The common cuckoo (Cuculus canorus) is the most well-known example of this, and chicks are raised by small passerines such as reed warblers. However, this is known in many other species, such as the Brown-headed Cowbird (Molothrus ater) and lycaenid butterflies. Lycaenid butterflies, such as the common blue (Polyommatus icarus) manipulate the social systems of ant colonies to raise their young. The larvae of the butterflies produce pheromones which are very similar to those produced by the ant larvae, and so workers bring the larva into the nest, feeding and caring for it as they would their own larvae. The butterfly larvae even mimic the sound of hungry ant larvae, so workers know when to feed them. Once the larvae pupate, the adults then emerge and leave the colony to start the process again. However, the butterflies themselves can also be the victims of parasitoid wasps, which inject their eggs into the butterfly larvae.
It has been seen that cooperative behaviour, as selfless as it may seem, is acted out in order to benefit the individual, either directly, with behaviours such as symbiosis, where the organisms benefit from their participation in a cooperative act, such as exchange of metabolic material between legumes and rhizobia, or indirectly, whereby the organism helps to maintain and pass on its own genetic material by supporting closely related individuals, for example with reciprocal behaviour in baboons and cooperative breeding in Arabian babblers.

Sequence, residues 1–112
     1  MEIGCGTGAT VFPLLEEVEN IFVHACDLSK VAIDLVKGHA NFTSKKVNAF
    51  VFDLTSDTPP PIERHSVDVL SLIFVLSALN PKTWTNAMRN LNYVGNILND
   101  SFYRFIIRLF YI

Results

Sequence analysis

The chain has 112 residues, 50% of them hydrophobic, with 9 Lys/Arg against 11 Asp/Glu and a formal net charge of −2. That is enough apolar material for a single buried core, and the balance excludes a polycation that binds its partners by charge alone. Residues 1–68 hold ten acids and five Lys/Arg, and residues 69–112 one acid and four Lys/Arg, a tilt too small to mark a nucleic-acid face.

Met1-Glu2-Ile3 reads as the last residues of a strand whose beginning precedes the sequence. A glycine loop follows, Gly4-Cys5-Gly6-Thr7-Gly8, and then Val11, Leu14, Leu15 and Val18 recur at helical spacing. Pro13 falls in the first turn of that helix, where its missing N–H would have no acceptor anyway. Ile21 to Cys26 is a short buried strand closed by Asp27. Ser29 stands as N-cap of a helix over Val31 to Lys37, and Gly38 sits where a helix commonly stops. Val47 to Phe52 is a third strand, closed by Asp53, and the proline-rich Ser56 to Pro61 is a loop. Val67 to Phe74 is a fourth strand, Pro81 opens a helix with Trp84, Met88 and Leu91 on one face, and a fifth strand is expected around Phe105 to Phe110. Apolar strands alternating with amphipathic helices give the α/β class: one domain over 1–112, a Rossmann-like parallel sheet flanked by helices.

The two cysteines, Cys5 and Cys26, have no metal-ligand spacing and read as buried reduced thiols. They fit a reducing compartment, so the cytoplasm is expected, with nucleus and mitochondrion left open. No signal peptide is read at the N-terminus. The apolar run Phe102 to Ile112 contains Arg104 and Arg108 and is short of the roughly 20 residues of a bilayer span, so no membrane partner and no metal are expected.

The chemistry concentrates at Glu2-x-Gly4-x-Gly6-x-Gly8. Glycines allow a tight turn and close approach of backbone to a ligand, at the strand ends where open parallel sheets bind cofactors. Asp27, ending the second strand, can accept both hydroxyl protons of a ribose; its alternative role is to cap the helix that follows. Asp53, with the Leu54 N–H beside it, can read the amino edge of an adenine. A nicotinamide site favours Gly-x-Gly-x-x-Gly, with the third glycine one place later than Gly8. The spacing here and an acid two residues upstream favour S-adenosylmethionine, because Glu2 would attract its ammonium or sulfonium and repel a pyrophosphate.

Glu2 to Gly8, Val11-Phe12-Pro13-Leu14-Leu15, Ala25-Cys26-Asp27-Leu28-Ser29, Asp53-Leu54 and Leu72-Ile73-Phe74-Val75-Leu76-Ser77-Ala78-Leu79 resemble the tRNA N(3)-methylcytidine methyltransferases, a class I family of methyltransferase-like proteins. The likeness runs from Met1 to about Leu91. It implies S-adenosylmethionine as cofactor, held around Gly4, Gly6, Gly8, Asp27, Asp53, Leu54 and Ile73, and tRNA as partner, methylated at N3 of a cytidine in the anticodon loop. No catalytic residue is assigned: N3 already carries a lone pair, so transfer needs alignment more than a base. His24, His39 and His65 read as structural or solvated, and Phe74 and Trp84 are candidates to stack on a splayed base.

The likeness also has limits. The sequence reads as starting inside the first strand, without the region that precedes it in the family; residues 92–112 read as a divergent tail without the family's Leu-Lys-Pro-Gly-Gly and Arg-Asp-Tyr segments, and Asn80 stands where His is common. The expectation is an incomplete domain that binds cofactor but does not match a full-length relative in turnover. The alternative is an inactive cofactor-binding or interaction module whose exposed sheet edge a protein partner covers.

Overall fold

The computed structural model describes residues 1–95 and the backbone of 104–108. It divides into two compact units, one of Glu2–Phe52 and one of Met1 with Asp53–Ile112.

However, cooperation is costly, and so in many cases, organisms have evolved to manipulate others in such a way that they receive the benefits of the cooperation without paying the cost, for example, manipulative behaviour by nest parasites and parasitism in the ghost orchid.
Therefore, opposing the traditional idea that many animals, particularly those living in large groups, either intraspecies or interspecies, cooperate to benefit the group, it is in fact the selfish behaviour of individuals which drive them to engage in cooperative behaviour.
- Baker, A. C., 2003. Flexibility and Specificity in Coral-Algal Symbiosis: Diversity, Ecology and Biogeography of Symbiodinium. Annual Review of Ecology, Evolution and Systematics, 34, 661-689.
- Clutton-Brock, T., 2002. Breeding Together: Kin Selection and Mutualism in Cooperative Vertebrates. Science, 296 (5565), 69-72.
- Dunn, P. O. and Cockburn, A., 1999. Extrapair Mate Choice and Honest Signalling in Cooperatively Breeding Superb Fairy-Wrens. Evolution, 53 (3), 938-946.
- Hojo, M. K., Pierce, N, E. and Tsuji, K., 2015. Lycaenid Caterpillar Secretions Manipulate Attendant Ant Behaviour. Current Biology, 25 (17), 2260-2264.
- Lodwig, E. M., Hosie, A. H. F., Bourdés, A., Findlay, K., Allaway, D., Karunakaran, R., Downie, J. A. and Poole, P. S., 2003. Amino-acid cycling drives nitrogen fixation in the legume-Rhizobium symbiosis. Nature, 422, 722-726.
- Russell, A. F., Langmore, N. E., Cockburn, A. and Kilner, R. M., 2007. Reduced Egg Investment Can Conceal Helper Effects in Cooperatively Breeding Birds. Science, 317 (5840), 941-944.
- Wilkinson, G. S., 1984. Reciprocal food sharing in the vampire bat. Nature, 308 (5955), 181-184.
- Young, A. J. and Clutton-brock, T., 2006. Infanticide by subordinates influences reproductive sharing in cooperatively breeding Meerkats. Biology Letters, 2 (3), 385-387.
© 2017 Jack Dazley